Week 6: 1 Big Idea executed 3 different ways-300 words WordPress post
Week 6: 1 Big Idea executed 3 different ways [Assessment #1 Graded Activity]
Just one portfolio activity this week. We will work on this during the Friday workshop. This is worth 2.5% of your overall results. Ideally, complete this in class. Otherwise, please have it ready by Monday 10am the following week.
Last week we tackled the ‘strategic’ – we wrote creative briefs for the avozilla. The creative brief is the foundation of any creative campaign.
A creative brief is a typically, a short 1 page document outlining the strategy for a creative project.
Think of it as a strategic map that guides its target audience – the creative team – on how to best reach the campaignâ€™s and the client’s stated goals. To that effect, itâ€™s an interpretation of the clientâ€™s ideas and vision for the brand and the product. Last workshop we started visualising creative strategies.
This week during the workshop we’re going to build on the rough artwork from last week. Can we express that single idea in 3 different ways?
Yes today is all about one word – ‘VOLUM
Advertising needs to do more than just tell people about a product.
To attract the attention of a particular audience it is important to develop what is known as the big idea â€“ a memorable and distinctive creative concept. The big idea isnâ€™t necessarily a single idea for a single advertisement. It is a â€˜thought, concept or theme that links the product to the target marketâ€™ (Sorrentino 2014, p.110), a unit of inspiration that can be translated across a series of advertisements or other forms of brand communication.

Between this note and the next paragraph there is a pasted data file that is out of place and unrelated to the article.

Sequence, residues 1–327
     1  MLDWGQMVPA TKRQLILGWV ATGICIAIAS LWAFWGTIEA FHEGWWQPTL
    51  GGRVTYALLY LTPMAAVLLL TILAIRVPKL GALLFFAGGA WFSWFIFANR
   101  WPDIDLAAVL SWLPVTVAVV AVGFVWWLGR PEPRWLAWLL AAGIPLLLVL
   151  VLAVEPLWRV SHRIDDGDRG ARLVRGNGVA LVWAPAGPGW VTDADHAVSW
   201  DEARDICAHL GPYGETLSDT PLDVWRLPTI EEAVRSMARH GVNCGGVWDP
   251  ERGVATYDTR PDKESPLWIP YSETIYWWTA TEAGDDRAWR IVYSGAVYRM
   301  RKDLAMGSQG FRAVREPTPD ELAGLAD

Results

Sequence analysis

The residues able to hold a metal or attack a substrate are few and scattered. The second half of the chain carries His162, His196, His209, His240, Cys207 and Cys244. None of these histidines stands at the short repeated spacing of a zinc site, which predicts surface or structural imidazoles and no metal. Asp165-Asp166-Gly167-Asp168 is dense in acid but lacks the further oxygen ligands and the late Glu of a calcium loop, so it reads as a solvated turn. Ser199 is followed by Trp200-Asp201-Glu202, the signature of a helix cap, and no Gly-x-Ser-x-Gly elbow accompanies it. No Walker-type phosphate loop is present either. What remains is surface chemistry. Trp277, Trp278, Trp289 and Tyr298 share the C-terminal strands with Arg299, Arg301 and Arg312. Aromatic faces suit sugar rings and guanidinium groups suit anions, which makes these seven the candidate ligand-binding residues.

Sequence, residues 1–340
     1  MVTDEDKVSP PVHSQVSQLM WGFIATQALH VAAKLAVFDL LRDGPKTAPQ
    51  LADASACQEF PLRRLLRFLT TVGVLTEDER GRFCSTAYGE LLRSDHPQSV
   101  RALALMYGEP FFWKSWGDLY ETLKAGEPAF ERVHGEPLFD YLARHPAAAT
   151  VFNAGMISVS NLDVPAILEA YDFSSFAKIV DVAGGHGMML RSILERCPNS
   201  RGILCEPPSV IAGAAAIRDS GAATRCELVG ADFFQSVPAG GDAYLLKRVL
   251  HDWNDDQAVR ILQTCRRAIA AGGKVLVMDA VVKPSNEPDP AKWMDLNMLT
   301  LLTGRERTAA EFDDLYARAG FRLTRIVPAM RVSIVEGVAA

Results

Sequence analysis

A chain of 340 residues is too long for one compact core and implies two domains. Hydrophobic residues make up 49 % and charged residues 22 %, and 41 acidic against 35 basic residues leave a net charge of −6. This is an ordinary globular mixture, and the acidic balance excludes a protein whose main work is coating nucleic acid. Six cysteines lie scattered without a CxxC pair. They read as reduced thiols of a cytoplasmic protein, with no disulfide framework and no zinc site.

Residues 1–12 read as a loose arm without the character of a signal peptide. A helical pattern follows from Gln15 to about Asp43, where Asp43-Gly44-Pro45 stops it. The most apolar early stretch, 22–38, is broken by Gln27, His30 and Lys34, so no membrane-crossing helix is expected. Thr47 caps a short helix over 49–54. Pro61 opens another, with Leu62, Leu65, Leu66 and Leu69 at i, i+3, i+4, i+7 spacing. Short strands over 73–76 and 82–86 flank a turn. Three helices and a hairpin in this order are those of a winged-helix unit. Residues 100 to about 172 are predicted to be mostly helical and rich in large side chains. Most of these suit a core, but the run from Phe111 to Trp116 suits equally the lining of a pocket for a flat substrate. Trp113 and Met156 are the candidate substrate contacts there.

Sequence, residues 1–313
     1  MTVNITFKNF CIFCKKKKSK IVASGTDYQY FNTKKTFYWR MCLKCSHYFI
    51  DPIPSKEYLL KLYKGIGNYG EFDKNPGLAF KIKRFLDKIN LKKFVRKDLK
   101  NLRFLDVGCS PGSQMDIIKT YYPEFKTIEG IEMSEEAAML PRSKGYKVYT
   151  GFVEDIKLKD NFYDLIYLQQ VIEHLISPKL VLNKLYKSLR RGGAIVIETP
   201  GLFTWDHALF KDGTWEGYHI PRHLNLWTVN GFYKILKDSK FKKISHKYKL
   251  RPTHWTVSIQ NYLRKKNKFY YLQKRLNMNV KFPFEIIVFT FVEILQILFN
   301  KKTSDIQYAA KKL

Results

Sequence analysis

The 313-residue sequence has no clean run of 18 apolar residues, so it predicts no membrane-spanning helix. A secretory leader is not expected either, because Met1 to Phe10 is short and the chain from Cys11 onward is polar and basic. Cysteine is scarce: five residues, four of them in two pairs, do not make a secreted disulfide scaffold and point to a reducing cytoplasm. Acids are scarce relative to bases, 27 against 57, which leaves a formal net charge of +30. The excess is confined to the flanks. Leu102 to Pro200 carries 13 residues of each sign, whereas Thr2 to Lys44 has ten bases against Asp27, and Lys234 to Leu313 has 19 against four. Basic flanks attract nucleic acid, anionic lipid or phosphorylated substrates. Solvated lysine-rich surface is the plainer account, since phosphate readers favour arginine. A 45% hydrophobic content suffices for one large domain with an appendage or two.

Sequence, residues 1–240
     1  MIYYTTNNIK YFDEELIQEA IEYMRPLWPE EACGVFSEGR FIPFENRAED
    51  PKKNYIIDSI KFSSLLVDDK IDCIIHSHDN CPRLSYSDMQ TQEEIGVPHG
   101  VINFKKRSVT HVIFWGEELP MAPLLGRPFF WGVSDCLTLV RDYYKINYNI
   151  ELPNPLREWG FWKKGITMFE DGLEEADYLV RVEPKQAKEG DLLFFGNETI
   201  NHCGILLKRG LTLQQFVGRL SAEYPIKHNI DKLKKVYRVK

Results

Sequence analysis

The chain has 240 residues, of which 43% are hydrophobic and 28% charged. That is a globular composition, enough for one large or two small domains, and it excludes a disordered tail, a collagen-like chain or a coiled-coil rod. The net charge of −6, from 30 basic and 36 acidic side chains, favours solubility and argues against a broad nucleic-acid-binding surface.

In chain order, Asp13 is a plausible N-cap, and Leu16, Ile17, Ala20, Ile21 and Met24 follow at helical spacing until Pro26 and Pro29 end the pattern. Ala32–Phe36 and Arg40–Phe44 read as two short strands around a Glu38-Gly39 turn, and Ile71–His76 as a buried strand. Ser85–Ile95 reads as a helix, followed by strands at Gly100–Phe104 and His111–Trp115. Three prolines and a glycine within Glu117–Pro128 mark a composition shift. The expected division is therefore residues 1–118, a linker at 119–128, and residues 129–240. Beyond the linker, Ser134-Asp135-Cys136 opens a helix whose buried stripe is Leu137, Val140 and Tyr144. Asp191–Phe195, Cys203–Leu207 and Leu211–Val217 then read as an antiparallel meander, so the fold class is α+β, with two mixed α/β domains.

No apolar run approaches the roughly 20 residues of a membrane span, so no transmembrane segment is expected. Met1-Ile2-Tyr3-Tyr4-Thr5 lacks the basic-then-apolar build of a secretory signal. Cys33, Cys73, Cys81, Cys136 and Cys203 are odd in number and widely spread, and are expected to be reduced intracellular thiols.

When seeking to produce a big idea you shouldnâ€™t settle on the first seemingly strong concept you come across. Sorrentino (2014) tells us that successful creative teams strive for volume.
We produce a large number of ideas
before finally settling on the best response to the brief. In addition, each idea option you develop during the brainstorming process must be different â€“ this gives you a range conceptual approaches to consider rather than variations on the one idea.
Additionally, it’s always a good idea to show your client variations on the one idea to get a better sense of what design, narrative or brand identity elements to leave out, reinforce or highlight.
It is also important to identify what a big idea is not.
It is never a strong approach to recycle existing ideas from advertisements for other brands. This leads to â€˜copycatâ€™ advertising, a practice that is avoided by creatives who â€˜care about their profession and their clientsâ€™ (Moriarty et al. 2013, p. 422).
Replicating the approach of another brand dilutes the distinctiveness your client or employer needs to stand out and be remembered in the cluttered media environment.
Step 1. Revisiting the ‘big idea’ from Week 5
Now that you have received feedback from your peers about your design and its ability to meet the creative brief’s objectives, let’s spend the first 30 minutes revising the design to make it a more effective piece of branding communication.